Don’t worry, I’m not going to jump on the PR juggernaut surrounding Harper Lee’s latest (earlier) novel. Nor am I going to engage in the endless conspiracy theories regarding its existence, publication etc.
However, it’s difficult to avoid what has been promoted as the biggest book sensation in recent living memory. ‘Go Set A Watchman’ is set to smash sales records. The publishers are prepared for tomorrow’s look release with nearly 3 million books printed as well as being available on digital format.
So, what’s all the fuss about?
Away from the hype I approached the first free chapter with delight and slight trepidation. Delight as I thoroughly enjoyed and respected ‘To Kill a Mockingbird’, even more after reading it again last summer. This time as an adult I found I appreciated the novel much more. However I was anxious the book would disappoint and fall to ridicule. Reading this first chapter I realised my fears were unfounded.
‘Go Set A Watchman’ promises more of the same beautiful prose as ‘Mockingbird’. The deftness of language is retained with its gentle humour, crisp vernacular mingled with deep insightful reflections from the now mature 26-year-old Jean Louise, otherwise famously known as Scout.
The initial striking difference with ‘Mockingbird’ is that this novel is told in the third person. From this first chapter I would say this is not detrimental. I did not find this viewpoint distant or remote, as has been suggested by some critics. Rather it allowed Scout’s maturity and in-depth reasoning to shine forth, whereas ‘Mockingbird’ worked brilliantly written from the first person, capturing her young innocence, confusion and sense of awakening.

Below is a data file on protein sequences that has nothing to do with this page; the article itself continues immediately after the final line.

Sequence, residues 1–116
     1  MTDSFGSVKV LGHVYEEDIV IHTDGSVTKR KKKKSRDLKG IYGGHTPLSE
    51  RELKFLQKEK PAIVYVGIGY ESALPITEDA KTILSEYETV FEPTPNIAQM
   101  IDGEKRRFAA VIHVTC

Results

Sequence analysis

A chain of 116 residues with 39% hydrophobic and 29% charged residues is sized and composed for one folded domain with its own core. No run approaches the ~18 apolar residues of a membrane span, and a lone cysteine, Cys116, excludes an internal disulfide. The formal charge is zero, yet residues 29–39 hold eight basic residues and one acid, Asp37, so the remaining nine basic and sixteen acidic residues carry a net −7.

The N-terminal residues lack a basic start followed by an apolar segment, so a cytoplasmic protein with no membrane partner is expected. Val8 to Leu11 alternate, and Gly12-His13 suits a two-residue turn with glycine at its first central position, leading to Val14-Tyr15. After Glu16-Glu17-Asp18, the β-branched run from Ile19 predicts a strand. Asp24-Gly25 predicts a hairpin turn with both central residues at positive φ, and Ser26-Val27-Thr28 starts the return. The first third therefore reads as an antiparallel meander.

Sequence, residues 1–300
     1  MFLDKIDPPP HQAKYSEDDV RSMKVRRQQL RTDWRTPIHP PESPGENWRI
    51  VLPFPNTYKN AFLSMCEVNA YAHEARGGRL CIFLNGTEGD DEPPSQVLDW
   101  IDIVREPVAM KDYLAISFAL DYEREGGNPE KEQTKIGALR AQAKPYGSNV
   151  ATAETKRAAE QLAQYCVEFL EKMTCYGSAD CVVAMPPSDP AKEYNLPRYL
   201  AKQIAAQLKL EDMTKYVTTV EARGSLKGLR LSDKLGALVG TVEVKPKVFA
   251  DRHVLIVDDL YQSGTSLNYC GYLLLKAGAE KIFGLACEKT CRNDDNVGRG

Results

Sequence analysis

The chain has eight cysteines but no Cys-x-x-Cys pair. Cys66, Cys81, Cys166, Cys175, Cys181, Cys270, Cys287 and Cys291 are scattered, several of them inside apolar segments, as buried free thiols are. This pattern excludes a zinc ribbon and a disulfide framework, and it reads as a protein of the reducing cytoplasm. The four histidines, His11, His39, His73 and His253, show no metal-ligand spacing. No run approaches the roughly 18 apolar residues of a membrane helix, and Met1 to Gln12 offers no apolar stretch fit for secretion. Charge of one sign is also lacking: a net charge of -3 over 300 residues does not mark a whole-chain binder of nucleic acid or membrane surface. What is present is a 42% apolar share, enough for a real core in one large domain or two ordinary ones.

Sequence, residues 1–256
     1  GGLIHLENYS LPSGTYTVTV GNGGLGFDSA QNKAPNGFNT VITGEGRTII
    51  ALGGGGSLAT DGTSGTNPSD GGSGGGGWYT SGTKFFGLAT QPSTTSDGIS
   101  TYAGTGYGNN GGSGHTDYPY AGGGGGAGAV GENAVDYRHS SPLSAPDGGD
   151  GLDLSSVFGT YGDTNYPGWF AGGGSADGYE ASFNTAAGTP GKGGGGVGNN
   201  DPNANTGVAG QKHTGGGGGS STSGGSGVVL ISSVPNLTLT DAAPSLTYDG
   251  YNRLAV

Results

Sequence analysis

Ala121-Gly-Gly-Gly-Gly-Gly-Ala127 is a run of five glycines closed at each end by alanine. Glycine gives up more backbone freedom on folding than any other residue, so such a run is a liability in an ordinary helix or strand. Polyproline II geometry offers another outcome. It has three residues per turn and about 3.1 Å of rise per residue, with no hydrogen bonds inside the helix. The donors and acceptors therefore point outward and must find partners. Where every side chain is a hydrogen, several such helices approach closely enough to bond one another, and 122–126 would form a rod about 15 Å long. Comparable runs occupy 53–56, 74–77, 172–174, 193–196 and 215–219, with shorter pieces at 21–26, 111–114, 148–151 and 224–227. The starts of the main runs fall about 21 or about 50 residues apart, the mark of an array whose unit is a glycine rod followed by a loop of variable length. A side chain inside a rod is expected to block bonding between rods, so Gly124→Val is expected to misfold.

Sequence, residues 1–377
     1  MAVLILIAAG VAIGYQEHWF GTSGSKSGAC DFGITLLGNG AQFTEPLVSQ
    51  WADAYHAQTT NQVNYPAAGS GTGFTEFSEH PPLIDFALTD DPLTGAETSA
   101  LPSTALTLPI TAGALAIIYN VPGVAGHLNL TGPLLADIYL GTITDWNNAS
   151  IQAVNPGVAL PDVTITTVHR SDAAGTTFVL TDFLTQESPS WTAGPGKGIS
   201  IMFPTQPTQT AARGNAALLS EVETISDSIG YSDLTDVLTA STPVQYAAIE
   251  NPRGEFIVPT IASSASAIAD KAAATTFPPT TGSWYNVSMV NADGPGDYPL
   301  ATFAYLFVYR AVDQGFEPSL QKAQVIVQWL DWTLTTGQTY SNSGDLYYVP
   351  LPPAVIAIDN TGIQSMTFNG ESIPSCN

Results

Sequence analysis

The reader joins Scout as she’s travelling by train from New York to her home town Maycomb to visit her ageing father who is suffering from rheumatoid arthritis. Her laconic observations abound, such as in ‘trains changed, conductors never did’ as yet again the conductor forgets her stop and the train halts 440 yards from the station.
Scout has lost none of her home-town mannerisms as is evident in first her change of clothing to ‘her Maycomb clothes: gray slacks, a black sleeveless blouse, white socks and loafers…’ before adding, ‘she could hear her aunt’s sniff of disapproval’.
She does now though manage to tone down her behaviour as ‘she repressed a tendency to boisterousness’. How far this is true the reader will have to find out later in the book however doubts are raised even in the first chapter as she retorts with harsh honesty to Henry’s marriage discussion: ’I’ll have an affair with you but I won’t marry you’. Even Henry has noticed the change in her, recognising that ‘in the years he was away at war and the University, she had turned from an overalled, fractious, gun-slinging creature into a a reasonable facsimile of a human being’. Overall, Scout is still ‘a person, who confronted with an easy way out, always took the hard way’.
Finally, am I the only one confused by the title? Frustrated by my ignorance I researched further and I was soon enlightened! The phrase ‘Got Set a Watchman’ comes from Isaiah 21.6. ‘For this hath the Lord said unto me,/Go, set a watchman, let him/declare what he seethe.’
This supposedly alludes to Scout’s view of her father, Atticus Finch, as the moral compass (ie. watchman) of Maycomb. (Thank you Wikipdeia!)
I hope you have enjoyed this brief summary of the first chapter of Harper Lee’s latest publication. The final verdict on the novel will of course only be known upon reading the book in its entirety. I will buy it, soon but not quite yet. I don’t feel like be railroaded. I’ll wait for a while…for the paperback! I trust I will be as enlightened and satisfied with the rest of the novel as I was with this opening chapter.
Thank you for reading.
If you want a peak at the first chapter please take a look at http://www.theguardian.com/books/ng-interactive/2015/jul/10/go-set-a-watchman-read-the-first-chapter